A Fantasy

I'll tell you something: every day
people are dying. And that's just the beginning.
Every day, in funeral homes, new widows are born,
new orphans. They sit with their hands folded,
trying to decide about this new life.

Then they're in the cemetery, some of them
for the first time. They're frightened of crying,
sometimes of not crying. Someone leans over,
tells them what to do next, which might mean
saying a few words, sometimes
throwing dirt in the open grave.

And after that, everyone goes back to the house,


A Benediction Of The Air

In every presence there is absence.

When we're together, the spaces between
Threaten to enclose our bodies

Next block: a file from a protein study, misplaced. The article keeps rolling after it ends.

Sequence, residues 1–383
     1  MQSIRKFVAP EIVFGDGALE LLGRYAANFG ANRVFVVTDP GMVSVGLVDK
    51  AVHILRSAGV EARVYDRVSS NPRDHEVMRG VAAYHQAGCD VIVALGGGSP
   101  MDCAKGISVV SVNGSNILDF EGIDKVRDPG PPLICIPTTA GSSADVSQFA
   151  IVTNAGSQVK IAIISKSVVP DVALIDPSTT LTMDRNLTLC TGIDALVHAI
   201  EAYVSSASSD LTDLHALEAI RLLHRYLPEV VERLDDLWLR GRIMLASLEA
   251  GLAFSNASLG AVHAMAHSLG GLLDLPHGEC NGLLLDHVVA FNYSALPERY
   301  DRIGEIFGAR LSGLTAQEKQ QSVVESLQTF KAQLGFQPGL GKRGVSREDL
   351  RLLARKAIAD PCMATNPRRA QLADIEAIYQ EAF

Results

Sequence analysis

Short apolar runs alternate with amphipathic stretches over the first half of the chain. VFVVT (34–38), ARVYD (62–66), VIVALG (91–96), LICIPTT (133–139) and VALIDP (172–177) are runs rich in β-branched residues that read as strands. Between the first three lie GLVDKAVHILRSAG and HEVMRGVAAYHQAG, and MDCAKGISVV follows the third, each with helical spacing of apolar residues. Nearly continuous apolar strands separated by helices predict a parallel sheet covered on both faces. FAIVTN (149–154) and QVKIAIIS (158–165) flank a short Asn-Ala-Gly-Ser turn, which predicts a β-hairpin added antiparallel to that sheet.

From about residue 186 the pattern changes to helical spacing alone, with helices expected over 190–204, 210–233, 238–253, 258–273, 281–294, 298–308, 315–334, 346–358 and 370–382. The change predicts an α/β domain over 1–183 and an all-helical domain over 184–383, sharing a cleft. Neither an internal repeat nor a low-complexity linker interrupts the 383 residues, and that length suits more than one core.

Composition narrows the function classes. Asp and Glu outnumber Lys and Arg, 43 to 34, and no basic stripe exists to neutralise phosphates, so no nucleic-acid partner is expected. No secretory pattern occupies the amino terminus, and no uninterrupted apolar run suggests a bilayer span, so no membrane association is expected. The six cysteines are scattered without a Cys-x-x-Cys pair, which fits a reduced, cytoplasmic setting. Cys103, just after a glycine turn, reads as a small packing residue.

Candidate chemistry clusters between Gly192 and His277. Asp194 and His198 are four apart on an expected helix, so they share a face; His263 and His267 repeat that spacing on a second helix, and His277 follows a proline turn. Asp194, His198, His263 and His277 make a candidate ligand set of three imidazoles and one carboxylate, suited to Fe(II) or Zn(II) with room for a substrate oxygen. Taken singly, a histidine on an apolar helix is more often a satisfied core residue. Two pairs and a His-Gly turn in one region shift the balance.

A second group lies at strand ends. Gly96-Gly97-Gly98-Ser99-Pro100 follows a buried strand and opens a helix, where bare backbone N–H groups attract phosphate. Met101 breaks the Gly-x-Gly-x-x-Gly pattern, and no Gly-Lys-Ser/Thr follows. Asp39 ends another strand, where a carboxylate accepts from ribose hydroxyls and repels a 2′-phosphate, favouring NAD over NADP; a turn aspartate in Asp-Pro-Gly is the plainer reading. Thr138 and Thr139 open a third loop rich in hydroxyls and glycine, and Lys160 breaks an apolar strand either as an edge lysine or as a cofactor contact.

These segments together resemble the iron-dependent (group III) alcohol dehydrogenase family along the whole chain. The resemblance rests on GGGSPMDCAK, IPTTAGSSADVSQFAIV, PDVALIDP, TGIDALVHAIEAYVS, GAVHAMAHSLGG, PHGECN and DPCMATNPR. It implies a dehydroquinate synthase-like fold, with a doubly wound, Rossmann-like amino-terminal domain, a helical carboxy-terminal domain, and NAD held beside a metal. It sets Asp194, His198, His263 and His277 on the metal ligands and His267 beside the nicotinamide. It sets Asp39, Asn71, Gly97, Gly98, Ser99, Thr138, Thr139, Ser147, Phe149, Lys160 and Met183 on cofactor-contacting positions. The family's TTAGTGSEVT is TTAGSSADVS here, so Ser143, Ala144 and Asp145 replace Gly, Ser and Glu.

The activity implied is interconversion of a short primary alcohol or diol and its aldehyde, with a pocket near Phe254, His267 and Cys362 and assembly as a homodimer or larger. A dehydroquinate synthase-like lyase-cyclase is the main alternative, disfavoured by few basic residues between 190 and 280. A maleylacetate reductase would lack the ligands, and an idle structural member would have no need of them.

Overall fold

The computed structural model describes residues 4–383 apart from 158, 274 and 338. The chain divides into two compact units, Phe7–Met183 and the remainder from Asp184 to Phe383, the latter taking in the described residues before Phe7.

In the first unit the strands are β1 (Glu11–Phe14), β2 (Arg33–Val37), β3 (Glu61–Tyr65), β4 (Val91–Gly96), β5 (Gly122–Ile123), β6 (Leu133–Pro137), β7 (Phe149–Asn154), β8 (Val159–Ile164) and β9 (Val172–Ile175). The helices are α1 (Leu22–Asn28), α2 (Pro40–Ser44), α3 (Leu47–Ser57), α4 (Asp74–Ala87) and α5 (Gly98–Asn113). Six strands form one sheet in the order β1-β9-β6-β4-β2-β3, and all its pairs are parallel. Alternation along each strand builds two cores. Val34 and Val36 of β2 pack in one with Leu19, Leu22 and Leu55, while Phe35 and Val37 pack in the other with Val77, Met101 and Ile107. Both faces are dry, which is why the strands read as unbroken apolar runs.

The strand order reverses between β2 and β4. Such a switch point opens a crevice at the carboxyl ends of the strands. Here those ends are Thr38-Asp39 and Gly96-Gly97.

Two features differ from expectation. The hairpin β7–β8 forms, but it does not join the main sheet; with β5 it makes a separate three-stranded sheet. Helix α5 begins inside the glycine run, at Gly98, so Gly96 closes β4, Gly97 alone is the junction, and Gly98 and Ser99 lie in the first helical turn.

And isolate our spirits.
The mirror reflects what we are not,
And we wonder if our mate
Suspects a fatal misreading
Of our original text,
Not to mention the dreaded subtext.
Reality, we fear, mocks appearance.
Or is trapped in a hall of mirrors
Where infinite regress prevents
A grateful egress. That is,
We can never know the meaning
Of being two-in-one,
Or if we are one-in-two.


To Speak of Woe That Is in Marriage

"The hot night makes us keep our bedroom windows open.
Our magnolia blossoms.Life begins to happen.
My hopped up husband drops his home disputes,
and hits the streets to cruise for prostitutes,
free-lancing out along the razor's edge.
This screwball might kill his wife, then take the pledge.
Oh the monotonous meanness of his lust. . .
It's the injustice . . . he is so unjust--
whiskey-blind, swaggering home at five.
My only thought is how to keep alive.
What makes him tick?Each night now I tie


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